Tuesday, December 14, 2010

Flapped

But not turned or gusseted. With textured nylon re-enforcement.. (I think I need it.)--the nylon I ended up with looks a bit more orange rather than coral or peachy, but you can't see it at all in the flap!

These will be my 3rd pair of socks knit with Koigu (it's usually a bit to expensive a yarn for my budget) PPM or the kind with more P's and more M's!

One pair has held up fine,--except that they have faded-- the second pair (from an exchange, where the recipient got a pair of very well knit socks, made a with bargain yarn and I got OK workmanship pair of socks with expensive yarn) are not holding up so well

I've only worn these exchange socks 3 or 4 times. (The first time I wore them I nearly lost a toe—the toe shaping was so –lets say, unique—it cut off circulation! )

Since then, I have frogged the toe and re knit it, (adding in some co-ordinating yarn to make the toes wider, longer and flatter (the original toe was almost gathered didn't lie flat)) and today I noticed there is a broken stitch in the heel. (I will mend before it grows so big as to require real work (aka darning) to fix.)

I started the re-enforcement 6 rounds or so before I started the actual flap—when I stopped working the lace pattern at the back of the sock, and continued the lace in the front (and end up with about 7 full inches of leg—my standard sock top length). I've continued it in the flap and will continue it into the turning, and might even continue to work the nylon a bit on the bottom of the foot only.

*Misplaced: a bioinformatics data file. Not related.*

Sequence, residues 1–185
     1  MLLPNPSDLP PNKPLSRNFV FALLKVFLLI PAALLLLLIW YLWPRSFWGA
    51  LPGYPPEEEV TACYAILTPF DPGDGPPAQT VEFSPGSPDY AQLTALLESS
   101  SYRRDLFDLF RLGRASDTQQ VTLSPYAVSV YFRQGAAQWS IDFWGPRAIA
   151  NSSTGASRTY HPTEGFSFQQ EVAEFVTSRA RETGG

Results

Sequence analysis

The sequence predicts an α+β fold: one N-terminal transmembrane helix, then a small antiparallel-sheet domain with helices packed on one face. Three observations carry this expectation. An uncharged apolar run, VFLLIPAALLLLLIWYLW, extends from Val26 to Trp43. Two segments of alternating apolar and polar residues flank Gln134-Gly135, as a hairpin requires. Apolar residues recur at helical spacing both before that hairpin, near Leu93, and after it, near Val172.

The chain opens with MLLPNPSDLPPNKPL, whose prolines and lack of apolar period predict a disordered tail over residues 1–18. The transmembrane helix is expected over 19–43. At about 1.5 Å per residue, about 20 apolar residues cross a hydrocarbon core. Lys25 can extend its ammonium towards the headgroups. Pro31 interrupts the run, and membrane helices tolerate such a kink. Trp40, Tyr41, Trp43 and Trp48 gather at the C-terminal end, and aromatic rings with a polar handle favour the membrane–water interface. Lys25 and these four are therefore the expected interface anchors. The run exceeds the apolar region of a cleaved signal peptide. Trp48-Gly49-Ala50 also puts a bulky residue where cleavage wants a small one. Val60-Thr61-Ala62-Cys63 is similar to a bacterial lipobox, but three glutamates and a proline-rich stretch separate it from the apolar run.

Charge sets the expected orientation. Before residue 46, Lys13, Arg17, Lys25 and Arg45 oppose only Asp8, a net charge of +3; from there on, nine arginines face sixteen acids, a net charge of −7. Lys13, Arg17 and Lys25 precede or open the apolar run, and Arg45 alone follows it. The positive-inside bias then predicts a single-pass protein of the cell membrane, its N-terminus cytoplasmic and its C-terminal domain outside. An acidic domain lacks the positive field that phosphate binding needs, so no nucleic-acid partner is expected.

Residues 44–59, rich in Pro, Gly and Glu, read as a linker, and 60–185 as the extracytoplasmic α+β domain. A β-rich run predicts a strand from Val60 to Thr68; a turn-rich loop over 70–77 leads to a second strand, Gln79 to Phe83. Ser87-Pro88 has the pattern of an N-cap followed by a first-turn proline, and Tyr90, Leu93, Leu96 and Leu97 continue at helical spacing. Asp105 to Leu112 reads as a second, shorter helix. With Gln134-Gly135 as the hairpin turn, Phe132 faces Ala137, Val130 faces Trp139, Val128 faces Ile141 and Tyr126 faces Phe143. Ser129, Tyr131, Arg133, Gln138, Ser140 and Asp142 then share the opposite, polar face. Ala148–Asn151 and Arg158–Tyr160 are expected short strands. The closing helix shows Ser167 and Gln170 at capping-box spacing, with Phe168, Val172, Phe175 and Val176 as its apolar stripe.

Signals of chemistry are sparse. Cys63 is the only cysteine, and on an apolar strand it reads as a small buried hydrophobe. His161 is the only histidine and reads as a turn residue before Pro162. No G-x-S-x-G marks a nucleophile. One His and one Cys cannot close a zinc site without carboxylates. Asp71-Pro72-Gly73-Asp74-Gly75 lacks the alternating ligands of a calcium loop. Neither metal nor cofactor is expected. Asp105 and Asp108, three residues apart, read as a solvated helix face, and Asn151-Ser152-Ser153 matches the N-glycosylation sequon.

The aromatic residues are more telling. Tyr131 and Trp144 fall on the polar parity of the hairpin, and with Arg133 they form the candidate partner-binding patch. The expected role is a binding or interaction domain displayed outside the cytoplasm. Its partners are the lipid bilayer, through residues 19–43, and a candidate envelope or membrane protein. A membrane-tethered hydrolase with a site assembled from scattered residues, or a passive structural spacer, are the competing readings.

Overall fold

To do this-- R1: work the sole portion of the sock with both strands
DO not continue nylon into gusset. (drop nylon) continue round with just sock yarn

R2 : Work till you come to the sole (for me, this is Needle 1 of 2, and this needle has gusset stitches, sole stitches and gusset stitches.)
The nylon is at the left hand side of sole (where it was dropped in R1.
I spool out some nylon, (about 3 times the width of the stitches in sole) and bring a loop of the nylon to right side of work.
This will make a big loop of loose nylon. I hold the loop and sock yarn together, and knit the loop.
this leaves the 'ball' (or rather spool) end of the nylon on the right edge of the sole.

If I have underestimated, the last stitch or two of the sole does not get re-enforced, (and there is a dash of nylon on the inside. Even done with the right sized loop, the last stitch or two is awkward to work.

On the next round, the nylon is just where it is needed.

It's a bit of PITA—but I will only do it for a half dozen or so rounds –not the full length of the gusset, but just a half inch or so of the bottom of the heel (just exactly where I have found a broken thread in my other Kougi socks!) should be enough.

I have done intartia in the round this same way--but intartia is less forgiving!

I have done intarsia in the round by knitting (standard) all of color A, and slipping color B stitches, , then working in a true left hand style knit all of color B, (and slipped the already knit color A stitches.)

Then continued (on the next needle) using color A only...

And I have done intaria by looping the yarn into position. I've gotten pretty good and figuring out how big a loop is needed-- but not in any way I can explain scientifically!

My red and white mittens knit this fall had a continuous pattern on palm, but 4 (spaced out) plain rows on the front –Not something you'd notice unless you thought to look for it! and the rows were worked both ways (it depended on my mood and where I was knitting.)

2 comments:

Virginia said...

Duly noted, and filed away for when I actually knit a pair of socks.

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